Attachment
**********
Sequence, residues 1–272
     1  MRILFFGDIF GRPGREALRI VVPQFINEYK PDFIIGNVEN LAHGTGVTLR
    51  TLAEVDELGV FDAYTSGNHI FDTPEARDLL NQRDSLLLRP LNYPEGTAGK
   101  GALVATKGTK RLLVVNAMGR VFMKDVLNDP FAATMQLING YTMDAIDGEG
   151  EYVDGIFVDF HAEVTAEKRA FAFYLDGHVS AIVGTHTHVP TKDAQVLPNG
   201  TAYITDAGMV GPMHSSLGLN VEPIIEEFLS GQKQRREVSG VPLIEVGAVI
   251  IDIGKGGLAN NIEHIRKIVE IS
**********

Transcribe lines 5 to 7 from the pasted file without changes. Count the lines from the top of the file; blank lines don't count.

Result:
   151  EYVDGIFVDF HAEVTAEKRA FAFYLDGHVS AIVGTHTHVP TKDAQVLPNG
   201  TAYITDAGMV GPMHSSLGLN VEPIIEEFLS GQKQRREVSG VPLIEVGAVI
   251  IDIGKGGLAN NIEHIRKIVE IS